(304b) Computational Analysis of Combinatorial Gene Regulation in the Liver | AIChE

(304b) Computational Analysis of Combinatorial Gene Regulation in the Liver


Vitolo, J. L. - Presenter, Rutgers University
Roth, C. M. - Presenter, Rutgers University

Several approaches have been developed to derive greater meaning from gene expression profiles by incorporating knowledge of transcription factor binding sites on the promoters of target genes. For prokaryotic organisms such as E. coli, transcription of a particular gene is often controlled by one or a few operators, and databases of operons are growing. In contrast, mammalian gene regulation is particularly challenging due to the increased size of the ?parts list?, the highly combinatorial nature of the regulation, and the complexities of post-transcriptional regulation mechanisms. We seek to obtain information on transcription factor regulatory sites on mammalian gene promoters and to use this for meaningful interpretation of gene expression changes in the liver under inflammatory conditions.

Beginning with the 8799 probes on the Affymetrix Rat Genome U34A Array, we were able to identify 2976 unique gene promoters in the rat genome using standard bioinformatics tools. Each promoter was analyzed in an 1100 bp window for the presence of transcription factor binding sites using position weight matrices, as implemented in the MatInspector program (Genomatix, Munich, FRG). This was performed for each of 374 matrices, falling into 142 families. The result is a dense matrix of promoters by matrices representing potential gene regulatory connections. We have characterized the statistics of transcription factor predictions across the gene promoter set as a function of stringency scores used in the identification of a transcription factor binding site as well as their locations relative to the transcriptional start site.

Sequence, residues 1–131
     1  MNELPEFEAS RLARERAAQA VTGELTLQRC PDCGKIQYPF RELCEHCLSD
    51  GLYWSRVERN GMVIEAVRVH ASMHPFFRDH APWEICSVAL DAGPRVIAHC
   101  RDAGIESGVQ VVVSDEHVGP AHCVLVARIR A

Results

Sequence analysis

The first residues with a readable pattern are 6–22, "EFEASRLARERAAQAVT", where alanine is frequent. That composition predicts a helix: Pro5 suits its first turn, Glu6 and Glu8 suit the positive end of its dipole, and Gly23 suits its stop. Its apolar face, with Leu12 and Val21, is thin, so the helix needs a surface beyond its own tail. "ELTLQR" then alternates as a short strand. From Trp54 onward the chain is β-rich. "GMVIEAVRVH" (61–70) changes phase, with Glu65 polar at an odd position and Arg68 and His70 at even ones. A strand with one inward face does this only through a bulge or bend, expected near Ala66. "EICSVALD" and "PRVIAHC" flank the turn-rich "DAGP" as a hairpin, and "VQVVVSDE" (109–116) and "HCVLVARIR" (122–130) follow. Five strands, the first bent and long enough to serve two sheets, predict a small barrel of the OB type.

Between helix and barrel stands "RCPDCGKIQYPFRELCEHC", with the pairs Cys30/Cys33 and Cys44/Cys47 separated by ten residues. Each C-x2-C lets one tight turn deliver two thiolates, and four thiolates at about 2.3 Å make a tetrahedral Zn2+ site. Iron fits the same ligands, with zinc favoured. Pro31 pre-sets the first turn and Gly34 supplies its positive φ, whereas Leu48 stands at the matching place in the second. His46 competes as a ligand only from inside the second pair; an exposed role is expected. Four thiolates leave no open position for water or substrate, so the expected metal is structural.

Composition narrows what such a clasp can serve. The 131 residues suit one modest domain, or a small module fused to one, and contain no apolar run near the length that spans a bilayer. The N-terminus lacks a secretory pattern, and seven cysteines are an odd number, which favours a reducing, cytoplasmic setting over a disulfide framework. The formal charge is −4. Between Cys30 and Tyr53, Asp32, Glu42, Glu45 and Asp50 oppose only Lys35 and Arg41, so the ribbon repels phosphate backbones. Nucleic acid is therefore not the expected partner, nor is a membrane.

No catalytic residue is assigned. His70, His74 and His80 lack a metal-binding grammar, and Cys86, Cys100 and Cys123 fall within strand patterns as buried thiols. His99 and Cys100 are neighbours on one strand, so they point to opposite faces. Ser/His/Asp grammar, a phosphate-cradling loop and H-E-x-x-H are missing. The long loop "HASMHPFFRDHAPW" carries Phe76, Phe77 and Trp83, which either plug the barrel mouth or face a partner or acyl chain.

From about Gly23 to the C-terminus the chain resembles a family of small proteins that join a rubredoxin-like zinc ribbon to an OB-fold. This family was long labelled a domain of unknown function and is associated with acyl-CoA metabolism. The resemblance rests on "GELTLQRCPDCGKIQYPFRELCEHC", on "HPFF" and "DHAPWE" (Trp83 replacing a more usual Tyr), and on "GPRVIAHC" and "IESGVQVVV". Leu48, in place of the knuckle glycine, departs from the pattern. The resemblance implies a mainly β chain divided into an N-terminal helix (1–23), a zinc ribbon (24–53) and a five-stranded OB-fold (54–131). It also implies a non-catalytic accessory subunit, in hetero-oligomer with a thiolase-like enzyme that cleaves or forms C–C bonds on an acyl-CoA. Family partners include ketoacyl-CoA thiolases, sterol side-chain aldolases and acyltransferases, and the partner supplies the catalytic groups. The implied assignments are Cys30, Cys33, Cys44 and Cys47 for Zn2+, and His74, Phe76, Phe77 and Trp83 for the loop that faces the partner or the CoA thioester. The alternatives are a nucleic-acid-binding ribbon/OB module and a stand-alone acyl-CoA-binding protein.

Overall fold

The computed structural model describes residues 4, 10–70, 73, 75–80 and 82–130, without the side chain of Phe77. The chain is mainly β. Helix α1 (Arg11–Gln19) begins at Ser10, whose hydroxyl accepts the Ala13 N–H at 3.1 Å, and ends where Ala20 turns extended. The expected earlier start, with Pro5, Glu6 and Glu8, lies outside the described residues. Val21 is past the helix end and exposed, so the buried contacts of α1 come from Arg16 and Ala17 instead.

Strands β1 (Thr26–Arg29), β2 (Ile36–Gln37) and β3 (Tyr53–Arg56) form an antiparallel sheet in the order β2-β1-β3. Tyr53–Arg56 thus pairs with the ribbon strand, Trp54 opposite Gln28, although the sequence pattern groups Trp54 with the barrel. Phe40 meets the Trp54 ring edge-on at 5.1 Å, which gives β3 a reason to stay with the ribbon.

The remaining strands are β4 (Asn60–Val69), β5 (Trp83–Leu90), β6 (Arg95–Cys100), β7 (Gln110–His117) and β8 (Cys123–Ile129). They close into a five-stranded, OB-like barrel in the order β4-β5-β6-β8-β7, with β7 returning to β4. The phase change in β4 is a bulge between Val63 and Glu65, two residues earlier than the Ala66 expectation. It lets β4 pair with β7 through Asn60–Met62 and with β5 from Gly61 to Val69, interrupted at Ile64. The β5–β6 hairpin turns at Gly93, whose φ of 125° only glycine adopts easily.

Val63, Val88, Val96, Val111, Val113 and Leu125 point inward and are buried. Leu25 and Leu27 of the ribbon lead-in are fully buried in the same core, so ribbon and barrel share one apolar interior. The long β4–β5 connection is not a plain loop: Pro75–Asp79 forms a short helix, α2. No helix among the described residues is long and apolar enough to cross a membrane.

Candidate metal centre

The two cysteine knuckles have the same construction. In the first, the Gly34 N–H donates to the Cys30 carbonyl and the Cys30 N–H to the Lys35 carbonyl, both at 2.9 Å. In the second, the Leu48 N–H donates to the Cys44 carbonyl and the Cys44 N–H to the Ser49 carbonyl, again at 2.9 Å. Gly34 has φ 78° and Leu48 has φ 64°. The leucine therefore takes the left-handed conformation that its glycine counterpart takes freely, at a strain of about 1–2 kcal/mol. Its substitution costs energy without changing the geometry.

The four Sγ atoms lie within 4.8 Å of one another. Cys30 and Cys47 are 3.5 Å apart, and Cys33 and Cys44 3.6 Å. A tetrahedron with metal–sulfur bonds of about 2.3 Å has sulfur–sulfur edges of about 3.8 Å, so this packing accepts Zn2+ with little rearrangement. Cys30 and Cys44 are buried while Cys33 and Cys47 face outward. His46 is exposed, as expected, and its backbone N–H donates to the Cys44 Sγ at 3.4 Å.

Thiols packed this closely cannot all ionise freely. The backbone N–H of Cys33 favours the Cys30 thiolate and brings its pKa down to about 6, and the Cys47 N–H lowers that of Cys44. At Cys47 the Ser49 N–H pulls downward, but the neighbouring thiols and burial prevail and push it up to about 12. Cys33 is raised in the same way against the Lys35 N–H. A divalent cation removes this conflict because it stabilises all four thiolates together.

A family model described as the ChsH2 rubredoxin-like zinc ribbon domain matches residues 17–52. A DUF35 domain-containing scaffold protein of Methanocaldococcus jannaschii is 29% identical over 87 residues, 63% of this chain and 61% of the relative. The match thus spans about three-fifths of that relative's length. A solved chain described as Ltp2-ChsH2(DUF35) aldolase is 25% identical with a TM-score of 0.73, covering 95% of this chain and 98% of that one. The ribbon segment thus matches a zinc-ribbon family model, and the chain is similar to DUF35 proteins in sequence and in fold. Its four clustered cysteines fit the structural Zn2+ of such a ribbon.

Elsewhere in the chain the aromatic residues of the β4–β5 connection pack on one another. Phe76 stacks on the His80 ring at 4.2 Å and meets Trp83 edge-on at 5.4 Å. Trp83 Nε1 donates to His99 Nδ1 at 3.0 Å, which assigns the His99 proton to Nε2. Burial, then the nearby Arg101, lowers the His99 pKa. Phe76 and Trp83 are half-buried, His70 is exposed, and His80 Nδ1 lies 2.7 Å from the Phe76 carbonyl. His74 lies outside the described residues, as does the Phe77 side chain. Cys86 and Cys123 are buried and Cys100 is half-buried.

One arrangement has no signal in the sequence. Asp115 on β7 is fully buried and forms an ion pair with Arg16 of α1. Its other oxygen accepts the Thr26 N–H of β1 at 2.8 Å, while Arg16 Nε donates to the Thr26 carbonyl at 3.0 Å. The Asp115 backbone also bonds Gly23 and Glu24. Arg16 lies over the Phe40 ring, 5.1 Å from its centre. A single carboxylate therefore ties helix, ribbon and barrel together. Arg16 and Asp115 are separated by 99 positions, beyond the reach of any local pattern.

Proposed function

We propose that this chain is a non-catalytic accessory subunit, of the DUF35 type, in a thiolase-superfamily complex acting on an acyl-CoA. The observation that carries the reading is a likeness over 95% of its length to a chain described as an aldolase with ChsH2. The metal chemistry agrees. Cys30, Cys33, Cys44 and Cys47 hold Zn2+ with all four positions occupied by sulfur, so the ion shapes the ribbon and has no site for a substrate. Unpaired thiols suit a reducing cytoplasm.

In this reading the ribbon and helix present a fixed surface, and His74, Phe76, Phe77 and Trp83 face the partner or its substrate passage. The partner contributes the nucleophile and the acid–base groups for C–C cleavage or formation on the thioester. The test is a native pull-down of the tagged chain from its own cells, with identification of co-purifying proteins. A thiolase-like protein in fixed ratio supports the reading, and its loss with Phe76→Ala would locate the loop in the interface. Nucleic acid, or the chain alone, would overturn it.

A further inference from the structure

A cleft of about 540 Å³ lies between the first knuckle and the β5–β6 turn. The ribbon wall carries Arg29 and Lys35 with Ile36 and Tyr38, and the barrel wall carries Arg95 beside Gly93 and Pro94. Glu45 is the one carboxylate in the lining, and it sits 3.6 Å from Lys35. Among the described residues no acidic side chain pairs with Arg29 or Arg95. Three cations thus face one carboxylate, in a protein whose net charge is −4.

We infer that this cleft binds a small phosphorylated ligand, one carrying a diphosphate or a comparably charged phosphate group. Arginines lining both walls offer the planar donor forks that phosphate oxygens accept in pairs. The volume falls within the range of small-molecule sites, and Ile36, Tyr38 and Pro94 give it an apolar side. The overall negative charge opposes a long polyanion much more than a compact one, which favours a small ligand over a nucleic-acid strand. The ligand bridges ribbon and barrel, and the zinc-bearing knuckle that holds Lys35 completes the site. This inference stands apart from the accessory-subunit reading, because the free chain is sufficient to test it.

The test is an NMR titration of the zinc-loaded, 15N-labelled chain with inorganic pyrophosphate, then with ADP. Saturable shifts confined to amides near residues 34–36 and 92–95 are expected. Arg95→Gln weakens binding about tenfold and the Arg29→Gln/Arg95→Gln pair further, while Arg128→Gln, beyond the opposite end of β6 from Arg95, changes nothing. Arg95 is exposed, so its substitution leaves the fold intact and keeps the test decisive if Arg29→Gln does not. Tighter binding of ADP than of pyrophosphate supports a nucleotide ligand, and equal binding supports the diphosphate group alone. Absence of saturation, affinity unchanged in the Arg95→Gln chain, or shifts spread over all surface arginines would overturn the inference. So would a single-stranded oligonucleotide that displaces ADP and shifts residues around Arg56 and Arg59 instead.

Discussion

Our current work is focused on evaluating alternative methods for reducing the complexity of the predicted transcriptional network to a tractable size for interpretation of co-expressed groups of genes, both directly and in a mathematical framework of Network Component Analysis (NCA) (Liao et al., Proc. Natl. Acad. Sci., 2003). In addition to increasing stringency scores, we are assessing several potential methods for mining the TF prediction data set, including: restricting the spatial range of TFs considered; utilizing ?literature modules? of demonstrated transcription factor combinations; significance testing of TF prediction frequencies in gene expression clusters vs. the whole genome; and the construction of sets of candidate transcriptional networks. The types of information that can be extracted from each of these approaches will be discussed using examples of gene expression changes in the liver after inflammatory insults and anti-inflammatory therapy. In particular, we identify transcription factors whose binding sites are highly represented among genes regulated in hepatic inflammatory responses and use these to reconstruct hepatic inflammatory regulatory networks.